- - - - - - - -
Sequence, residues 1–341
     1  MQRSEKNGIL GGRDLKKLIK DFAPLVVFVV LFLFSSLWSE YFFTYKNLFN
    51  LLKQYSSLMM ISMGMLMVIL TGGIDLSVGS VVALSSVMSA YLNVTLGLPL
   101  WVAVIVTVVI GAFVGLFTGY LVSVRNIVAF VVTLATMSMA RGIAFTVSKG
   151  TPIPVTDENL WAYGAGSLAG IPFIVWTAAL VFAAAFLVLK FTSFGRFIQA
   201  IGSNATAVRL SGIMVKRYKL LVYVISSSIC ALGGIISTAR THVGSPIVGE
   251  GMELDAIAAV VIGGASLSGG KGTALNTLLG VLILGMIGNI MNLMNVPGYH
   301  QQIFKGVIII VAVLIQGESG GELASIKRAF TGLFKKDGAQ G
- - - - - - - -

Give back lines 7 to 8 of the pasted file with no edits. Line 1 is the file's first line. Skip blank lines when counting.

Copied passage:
   251  GMELDAIAAV VIGGASLSGG KGTALNTLLG VLILGMIGNI MNLMNVPGYH
   301  QQIFKGVIII VAVLIQGESG GELASIKRAF TGLFKKDGAQ G